The IPA suggests that pronunciations of the two words are identical both with and without the merger, but I'm no specialist.


Just dug a little deeper, and I've arrived at this conclusion:

In accents with the merger, "four," "for," and "fore" are all always homophones.

In accents without the merger, "four" and "for" are never homophones.

And in some subset of these non-merged accents, "fore" may be pronounced identically to "four" (as listed in the IPA guide in your first link). In another subset, it may be pronounced identically to "for" (as implied by the "Homophones" section in that same link).


Fascinating. Thank you.

It is extremely hard for me to even _imagine_ this, as apparently my native accents both contain this merger. This is a rare experience for me, but a previous occurrence was discussing the rhotic-R phenomenon.


Thank you. This is what it took for me to realize why version 4 might be an issue. If I just saw "4 skin" I certainly would have gotten it. Somehow adding Winamp in front made it hard for me to interpret it the alternative way.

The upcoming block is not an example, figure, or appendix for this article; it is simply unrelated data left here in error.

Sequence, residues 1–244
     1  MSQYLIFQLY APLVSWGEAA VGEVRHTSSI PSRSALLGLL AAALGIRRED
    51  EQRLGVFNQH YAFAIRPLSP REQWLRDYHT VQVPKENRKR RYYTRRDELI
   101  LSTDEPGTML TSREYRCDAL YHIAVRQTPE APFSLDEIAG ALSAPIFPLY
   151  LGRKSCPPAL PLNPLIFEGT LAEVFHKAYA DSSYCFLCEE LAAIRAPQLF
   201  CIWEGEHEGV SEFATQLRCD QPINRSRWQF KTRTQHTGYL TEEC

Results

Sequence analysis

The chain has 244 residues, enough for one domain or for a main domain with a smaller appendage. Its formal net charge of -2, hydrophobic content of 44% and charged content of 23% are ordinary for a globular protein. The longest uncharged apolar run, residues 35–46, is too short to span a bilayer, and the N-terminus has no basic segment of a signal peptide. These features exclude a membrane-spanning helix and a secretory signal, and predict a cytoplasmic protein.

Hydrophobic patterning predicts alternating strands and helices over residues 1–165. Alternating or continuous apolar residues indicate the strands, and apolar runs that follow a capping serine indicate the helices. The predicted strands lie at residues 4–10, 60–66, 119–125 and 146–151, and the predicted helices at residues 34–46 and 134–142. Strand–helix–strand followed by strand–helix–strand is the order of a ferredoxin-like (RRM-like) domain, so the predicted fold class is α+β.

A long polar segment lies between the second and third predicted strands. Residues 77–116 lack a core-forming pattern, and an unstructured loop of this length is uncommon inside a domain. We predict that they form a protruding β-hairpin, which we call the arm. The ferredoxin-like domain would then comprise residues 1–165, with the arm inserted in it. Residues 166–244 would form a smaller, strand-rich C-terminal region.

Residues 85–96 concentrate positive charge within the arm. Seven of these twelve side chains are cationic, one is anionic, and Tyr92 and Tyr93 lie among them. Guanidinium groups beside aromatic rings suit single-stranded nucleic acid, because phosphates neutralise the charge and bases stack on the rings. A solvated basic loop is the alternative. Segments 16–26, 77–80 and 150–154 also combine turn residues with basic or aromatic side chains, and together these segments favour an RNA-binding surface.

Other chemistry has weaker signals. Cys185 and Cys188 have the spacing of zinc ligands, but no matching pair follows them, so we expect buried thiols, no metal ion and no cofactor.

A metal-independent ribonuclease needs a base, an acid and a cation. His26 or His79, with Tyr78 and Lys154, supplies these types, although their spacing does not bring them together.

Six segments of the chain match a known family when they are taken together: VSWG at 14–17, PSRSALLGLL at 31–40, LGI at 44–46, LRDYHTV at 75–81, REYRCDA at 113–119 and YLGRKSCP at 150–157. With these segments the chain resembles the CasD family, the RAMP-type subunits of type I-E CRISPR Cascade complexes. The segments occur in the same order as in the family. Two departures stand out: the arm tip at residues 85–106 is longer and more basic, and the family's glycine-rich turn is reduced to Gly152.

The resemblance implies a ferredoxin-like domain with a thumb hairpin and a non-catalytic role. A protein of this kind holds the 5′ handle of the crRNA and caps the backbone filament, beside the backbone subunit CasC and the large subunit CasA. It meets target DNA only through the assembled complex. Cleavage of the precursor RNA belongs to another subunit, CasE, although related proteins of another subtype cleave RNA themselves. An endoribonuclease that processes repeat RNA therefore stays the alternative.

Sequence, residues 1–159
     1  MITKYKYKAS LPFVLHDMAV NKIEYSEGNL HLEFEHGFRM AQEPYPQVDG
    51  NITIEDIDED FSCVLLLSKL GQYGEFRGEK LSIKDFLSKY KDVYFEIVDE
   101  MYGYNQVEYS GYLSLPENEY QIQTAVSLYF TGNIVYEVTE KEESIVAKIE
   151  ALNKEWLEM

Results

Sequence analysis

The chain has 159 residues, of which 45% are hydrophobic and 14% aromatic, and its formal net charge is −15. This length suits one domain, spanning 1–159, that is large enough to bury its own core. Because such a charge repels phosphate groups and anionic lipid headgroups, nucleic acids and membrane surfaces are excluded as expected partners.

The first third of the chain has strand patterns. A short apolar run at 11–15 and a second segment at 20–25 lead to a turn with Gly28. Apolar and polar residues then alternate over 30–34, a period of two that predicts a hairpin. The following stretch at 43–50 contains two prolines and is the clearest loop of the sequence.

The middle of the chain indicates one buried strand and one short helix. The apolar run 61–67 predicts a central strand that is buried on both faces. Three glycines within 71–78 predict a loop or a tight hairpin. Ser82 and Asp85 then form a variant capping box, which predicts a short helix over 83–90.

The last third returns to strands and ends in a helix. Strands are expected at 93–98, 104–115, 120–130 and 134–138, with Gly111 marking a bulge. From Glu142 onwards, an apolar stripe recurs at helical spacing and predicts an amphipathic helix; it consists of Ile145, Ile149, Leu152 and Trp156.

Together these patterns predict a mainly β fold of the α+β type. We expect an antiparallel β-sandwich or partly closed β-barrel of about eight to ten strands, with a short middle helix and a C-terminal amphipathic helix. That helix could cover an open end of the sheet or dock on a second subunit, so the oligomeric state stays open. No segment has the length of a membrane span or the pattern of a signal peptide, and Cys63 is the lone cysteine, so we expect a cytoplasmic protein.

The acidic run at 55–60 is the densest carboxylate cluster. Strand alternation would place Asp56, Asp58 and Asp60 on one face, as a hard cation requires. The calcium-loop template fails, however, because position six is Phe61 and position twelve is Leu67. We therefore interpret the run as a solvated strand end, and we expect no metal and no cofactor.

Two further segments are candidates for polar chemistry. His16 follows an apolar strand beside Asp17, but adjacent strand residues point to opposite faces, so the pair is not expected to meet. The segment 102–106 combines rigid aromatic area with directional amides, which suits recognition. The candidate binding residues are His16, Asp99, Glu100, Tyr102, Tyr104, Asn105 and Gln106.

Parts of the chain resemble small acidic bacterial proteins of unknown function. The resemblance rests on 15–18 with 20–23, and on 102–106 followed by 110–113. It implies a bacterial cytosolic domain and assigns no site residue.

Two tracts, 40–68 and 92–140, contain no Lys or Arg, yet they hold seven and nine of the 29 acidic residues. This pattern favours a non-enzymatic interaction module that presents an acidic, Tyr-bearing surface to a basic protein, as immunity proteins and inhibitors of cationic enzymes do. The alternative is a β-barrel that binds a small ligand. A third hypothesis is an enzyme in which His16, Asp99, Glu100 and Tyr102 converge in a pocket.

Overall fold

And now I have a totally different view on the smooth jazz band named fourplay


Definitely true for American accents.


If memory serves, the latest unbloated version of WinAmp was called Winamp Classic, and its versions were in the 2.9x range.


5.x is just the 2.x base continued with newer plug-ins & newer apis for those plug-ins. Unchecking things during installation (e.g. choosing the lite install) or just removing the unwanted plug-ins was always an option to make a 5.x into a comparable 2.x install.

-dro


IIRC, Winamp 3 introduced the new skin engine which supported transparency and was slow as molasses on contemporary machines. Moreover, 2.x switched to the new MP3 decoder at some point, and many people didn't like it, either ripping the old decoder from the old versions or stopping upgrading past a certain 2.x version.

(None of this is important today, I guess)